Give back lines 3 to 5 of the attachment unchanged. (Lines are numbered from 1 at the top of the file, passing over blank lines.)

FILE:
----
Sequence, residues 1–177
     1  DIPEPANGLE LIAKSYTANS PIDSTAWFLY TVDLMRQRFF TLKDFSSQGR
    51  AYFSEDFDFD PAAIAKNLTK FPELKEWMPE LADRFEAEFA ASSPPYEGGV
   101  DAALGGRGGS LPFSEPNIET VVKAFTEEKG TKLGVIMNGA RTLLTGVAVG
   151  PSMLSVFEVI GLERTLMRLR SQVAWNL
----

    51  AYFSEDFDFD PAAIAKNLTK FPELKEWMPE LADRFEAEFA ASSPPYEGGV
   101  DAALGGRGGS LPFSEPNIET VVKAFTEEKG TKLGVIMNGA RTLLTGVAVG
   151  PSMLSVFEVI GLERTLMRLR SQVAWNL